Ukrainian Refugees Met With Struggle Crossing U.S. Border With Dogs

by Britt

Ukrainian pet owners and animal lovers have been faced with heart-breaking challenges since the war started on home soil. For many, the choice of whether to evacuate Ukraine and seek safety elsewhere came down to bring their pets along. After all, pets are family too!

Ruslan Lytvyn/Shutterstock

Many faced challenges crossing at the border into Poland. Documentation requirements made it challenging for pet owners who may not have grabbed the necessary paperwork before fleeing home. Shelter volunteers found the process nearly impossible with vaccination documents and other requirements destroyed when their shelters were attacked by Russian soldiers. Even those dogs who were orphaned when their owners were killed defending their country were often being turned away.

Now, Ukrainian pet owners seeking refuge with friends and family overseas are faced with a new struggle as they are being refused entry into the United States.

The reason dogs from Ukraine are now facing difficulty getting into the US is due to restrictions that were put in place by the Centers for Disease Control and Prevention (CDC). The United States was declared canine-rabies free in 2007. As of July 14, 2021, the United States has put a temporary suspension in place, restricting all dogs entering the US from countries that are considered to be high-risk. This includes dogs that are coming from Ukraine.

This doesn’t mean that dogs arriving form the Ukraine will never be allowed to cross US borders. Dog owners can apply for a CDC Dog Import Permit to bring their dogs into the United States. But the current suspension has made it so that there is no guarantee when these permits will be processed and approved (or denied).

A recent statement from the CDC states that it “is working to expedite import permit requests for dogs that originate in Ukraine and surrounding countries for persons wishing to import their personally owned pet dogs.”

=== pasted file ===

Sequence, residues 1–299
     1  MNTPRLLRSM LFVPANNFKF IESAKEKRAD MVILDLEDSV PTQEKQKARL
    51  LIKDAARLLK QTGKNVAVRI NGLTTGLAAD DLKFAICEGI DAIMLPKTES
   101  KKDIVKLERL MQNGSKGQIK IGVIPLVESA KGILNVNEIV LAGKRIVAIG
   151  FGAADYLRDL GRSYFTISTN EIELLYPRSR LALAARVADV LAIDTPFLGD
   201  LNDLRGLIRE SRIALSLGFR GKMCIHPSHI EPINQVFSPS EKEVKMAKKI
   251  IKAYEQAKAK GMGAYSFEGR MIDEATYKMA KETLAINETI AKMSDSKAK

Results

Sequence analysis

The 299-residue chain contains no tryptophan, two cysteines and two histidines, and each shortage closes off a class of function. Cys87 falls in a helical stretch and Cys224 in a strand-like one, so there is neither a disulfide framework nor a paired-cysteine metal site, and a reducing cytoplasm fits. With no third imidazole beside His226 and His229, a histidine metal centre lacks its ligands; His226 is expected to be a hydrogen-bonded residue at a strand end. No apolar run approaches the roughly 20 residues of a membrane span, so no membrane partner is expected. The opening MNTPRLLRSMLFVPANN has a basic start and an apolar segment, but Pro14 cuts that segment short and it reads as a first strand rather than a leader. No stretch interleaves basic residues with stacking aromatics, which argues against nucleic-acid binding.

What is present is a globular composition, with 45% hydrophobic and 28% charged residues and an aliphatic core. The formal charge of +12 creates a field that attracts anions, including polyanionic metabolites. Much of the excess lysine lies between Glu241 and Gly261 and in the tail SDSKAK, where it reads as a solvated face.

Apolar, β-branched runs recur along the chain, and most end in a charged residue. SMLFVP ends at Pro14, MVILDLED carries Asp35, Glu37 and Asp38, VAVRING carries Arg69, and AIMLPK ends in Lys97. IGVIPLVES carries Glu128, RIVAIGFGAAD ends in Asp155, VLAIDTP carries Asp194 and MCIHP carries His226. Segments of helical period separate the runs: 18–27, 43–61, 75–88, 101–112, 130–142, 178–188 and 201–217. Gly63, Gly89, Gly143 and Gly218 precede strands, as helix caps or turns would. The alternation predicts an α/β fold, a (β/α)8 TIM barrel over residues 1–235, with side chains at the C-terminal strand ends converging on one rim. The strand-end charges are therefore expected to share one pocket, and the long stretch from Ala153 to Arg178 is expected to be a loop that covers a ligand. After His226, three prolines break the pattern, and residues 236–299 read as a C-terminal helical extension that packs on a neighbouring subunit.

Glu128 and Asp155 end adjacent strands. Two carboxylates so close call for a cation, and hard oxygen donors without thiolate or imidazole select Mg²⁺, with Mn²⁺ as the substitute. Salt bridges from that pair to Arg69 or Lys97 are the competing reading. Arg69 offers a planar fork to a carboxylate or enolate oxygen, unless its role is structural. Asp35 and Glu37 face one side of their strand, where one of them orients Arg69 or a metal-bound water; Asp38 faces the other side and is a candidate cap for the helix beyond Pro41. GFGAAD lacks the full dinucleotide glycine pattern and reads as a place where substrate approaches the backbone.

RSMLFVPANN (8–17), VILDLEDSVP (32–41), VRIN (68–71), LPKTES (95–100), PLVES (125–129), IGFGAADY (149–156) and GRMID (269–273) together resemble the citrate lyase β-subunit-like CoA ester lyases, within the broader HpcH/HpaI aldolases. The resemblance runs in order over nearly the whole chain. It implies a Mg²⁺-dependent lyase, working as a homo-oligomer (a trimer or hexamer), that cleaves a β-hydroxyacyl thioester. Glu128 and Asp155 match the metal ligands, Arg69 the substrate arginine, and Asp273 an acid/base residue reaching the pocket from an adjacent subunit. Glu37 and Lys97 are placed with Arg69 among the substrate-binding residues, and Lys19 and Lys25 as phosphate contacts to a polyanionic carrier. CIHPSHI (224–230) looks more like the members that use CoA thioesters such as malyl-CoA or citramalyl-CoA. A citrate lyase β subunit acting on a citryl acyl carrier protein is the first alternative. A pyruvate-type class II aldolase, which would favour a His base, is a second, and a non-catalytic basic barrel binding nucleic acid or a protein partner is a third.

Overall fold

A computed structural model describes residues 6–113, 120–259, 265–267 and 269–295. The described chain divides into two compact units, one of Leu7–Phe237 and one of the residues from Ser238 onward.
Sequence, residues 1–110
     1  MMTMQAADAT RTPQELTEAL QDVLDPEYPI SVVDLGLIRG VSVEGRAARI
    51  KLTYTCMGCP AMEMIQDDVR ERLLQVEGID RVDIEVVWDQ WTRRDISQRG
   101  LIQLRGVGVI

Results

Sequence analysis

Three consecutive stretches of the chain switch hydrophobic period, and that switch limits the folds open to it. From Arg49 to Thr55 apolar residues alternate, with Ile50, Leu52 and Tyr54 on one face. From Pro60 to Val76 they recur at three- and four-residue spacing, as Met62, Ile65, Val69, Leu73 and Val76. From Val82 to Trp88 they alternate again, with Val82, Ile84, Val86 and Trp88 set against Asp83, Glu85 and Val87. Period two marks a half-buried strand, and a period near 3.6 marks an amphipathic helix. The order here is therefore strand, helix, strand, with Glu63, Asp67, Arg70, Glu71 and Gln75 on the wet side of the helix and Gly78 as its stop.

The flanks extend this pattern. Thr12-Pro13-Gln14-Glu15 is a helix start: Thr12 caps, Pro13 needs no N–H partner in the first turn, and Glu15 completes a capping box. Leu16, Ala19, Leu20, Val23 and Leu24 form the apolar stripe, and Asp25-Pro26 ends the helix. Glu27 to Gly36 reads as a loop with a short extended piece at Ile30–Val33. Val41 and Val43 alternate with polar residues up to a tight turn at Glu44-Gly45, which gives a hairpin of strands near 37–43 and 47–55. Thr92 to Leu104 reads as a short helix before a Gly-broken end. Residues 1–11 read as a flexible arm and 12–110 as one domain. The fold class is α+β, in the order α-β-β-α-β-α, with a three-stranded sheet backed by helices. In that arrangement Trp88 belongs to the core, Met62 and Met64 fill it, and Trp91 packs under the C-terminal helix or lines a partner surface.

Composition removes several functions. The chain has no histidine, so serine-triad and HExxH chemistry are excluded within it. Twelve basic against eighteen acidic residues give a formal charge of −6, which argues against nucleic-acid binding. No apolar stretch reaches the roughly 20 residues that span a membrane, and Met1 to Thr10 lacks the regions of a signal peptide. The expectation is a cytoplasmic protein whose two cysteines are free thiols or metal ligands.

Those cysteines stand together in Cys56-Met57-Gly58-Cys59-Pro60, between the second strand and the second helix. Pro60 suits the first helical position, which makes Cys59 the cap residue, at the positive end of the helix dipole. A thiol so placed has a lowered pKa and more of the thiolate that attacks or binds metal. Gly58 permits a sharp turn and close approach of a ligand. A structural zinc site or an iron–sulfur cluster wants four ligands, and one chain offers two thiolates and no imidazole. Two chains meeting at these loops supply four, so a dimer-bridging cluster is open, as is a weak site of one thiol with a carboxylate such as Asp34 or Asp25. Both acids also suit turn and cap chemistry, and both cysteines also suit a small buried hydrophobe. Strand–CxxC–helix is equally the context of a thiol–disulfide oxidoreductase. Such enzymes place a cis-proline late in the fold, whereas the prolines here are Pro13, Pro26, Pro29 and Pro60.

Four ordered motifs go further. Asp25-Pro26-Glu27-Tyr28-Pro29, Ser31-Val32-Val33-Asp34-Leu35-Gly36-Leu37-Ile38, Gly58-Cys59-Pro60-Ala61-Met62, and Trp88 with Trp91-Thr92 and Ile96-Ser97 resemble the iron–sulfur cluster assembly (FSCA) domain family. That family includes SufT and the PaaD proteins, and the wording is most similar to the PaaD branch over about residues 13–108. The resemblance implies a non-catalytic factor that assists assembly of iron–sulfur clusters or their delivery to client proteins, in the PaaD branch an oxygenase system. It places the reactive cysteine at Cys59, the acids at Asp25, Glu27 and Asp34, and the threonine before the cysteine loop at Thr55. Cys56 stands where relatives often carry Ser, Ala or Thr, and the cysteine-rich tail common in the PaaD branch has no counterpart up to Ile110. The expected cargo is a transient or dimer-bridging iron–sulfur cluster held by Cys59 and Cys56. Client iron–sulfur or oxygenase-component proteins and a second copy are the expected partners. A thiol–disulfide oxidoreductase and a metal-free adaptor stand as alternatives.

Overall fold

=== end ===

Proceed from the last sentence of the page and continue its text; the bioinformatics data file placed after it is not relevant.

In the meantime, dog owners have been exploring other opportunities to bring their dogs over the border. One solution that many dog owners have turned to is a group of dog lover that have been transporting dogs across the border from Mexico. Dogs that cross with a US citizen from a low-risk country like Mexico don’t even require proof of vaccination. Recognizing this, the group has been working to help transport dogs to safety.

Even this solution isn’t easy for dogs and their owners. Dogs crossing often have to stay crated for multiple hours, which may be new to many. Furthermore, the demand for these services has grown enough that the volunteers can’t guarantee the day of transport. Pet owners may reach the border only to find out that their dogs have been bumped to a transport on a following day.

While the volunteer transport isn’t perfect, many pet owners agree that it’s better than waiting for an update on when they can cross themselves with their pets. The stories of those who do find their way to safety with family and friends in the United States continue to inspire families that are still in the process of making the difficult journey.


Britt Kascjak is a proud pet mom, sharing her heart (and her home) with her “pack” which includes her husband John, their 2 dogs – Indiana and Lucifer – and their 2 cats – Pippen and Jinx. She has been active in the animal rescue community for over 15 years, volunteering, fostering and advocating for organizations across Canada and the US. In her free time, she enjoys traveling around the country camping, hiking, and canoeing with her pets.

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